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Arthritis of the Knee

Arthritis of the knee is most often osteoarthritis. In this disease, the cartilage in the joint gradually wears away. In rheumatoid arthritis, which can also affect the knees, the joint becomes inflamed and cartilage may be destroyed. Arthritis not only affects joints; it can also affect supporting structures such as muscles, tendons, and ligaments.

Osteoarthritis may be caused by excess stress on the joint from deformity, repeated injury, or excess weight. It most often affects middle-aged and older people. A young person who develops osteoarthritis may have an inherited form of the disease or may have experienced continuous irritation from an unrepaired torn meniscus or other injury. Rheumatoid arthritis often affects people at an earlier age than osteoarthritis.

Signs and Diagnosis
Someone who has arthritis of the knee may experience pain, swelling, and a decrease in knee motion. A common symptom is morning stiffness that lessens as the person moves around. Sometimes the joint locks or clicks when the knee is bent and straightened, but these signs may occur in other knee disorders as well. The doctor may confirm the diagnosis by performing a physical examination and examining x rays, which typically show a loss of joint space. Blood tests may be helpful for diagnosing rheumatoid arthritis, but other tests may be needed too. Analyzing fluid from the knee joint may be helpful in diagnosing some kinds of arthritis. The doctor may use arthroscopy to directly see damage to cartilage, tendons, and ligaments and to confirm a diagnosis, but arthroscopy is usually done only if a repair procedure is to be performed.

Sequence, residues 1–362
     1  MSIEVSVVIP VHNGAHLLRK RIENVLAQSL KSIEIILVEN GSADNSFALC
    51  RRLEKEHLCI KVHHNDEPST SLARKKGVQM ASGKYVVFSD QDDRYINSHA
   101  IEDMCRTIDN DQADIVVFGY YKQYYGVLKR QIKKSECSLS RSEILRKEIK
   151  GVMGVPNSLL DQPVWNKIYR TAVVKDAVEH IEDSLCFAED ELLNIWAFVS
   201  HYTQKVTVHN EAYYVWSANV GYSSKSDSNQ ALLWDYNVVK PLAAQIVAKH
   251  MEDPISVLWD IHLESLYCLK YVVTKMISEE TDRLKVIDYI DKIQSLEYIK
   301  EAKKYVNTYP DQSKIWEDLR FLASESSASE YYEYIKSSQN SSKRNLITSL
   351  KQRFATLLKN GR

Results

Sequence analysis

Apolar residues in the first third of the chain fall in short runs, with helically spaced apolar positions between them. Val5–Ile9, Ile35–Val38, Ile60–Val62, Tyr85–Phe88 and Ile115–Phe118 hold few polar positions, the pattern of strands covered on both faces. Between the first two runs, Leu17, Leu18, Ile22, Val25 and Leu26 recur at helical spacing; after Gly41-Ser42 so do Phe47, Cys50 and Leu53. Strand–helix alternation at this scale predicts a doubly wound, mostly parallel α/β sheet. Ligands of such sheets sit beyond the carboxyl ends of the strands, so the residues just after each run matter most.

Treatment
Most often osteoarthritis of the knee is treated with pain-reducing medicines, such as aspirin or acetaminophen (Tylenol*); nonsteroidal anti-inflammatory drugs (NSAIDs), such as ibuprofen (Motrin, Nuprin, Advil); and exercises to restore joint movement and strengthen the knee. Losing excess weight can also help people with osteoarthritis.

Rheumatoid arthritis of the knee may require physical therapy and more powerful medications. In people with arthritis of the knee, a seriously damaged joint may need to be replaced with an artificial one. (A new procedure designed to stimulate the growth of cartilage by using a patient's own cartilage cells is being used experimentally to repair cartilage injuries at the end of the femur at the knee. It is not, however, a treatment for arthritis.)

*Brand names included in this booklet are provided as examples only, and their inclusion does not mean that these products are endorsed by the National Institutes of Health or any other Government agency. Also, if a particular brand name is not mentioned, this does not mean or imply that the product is unsatisfactory.

Source: National Institute of Arthritis and Musculoskeletal and Skin Diseases
Reviewed: May 2001



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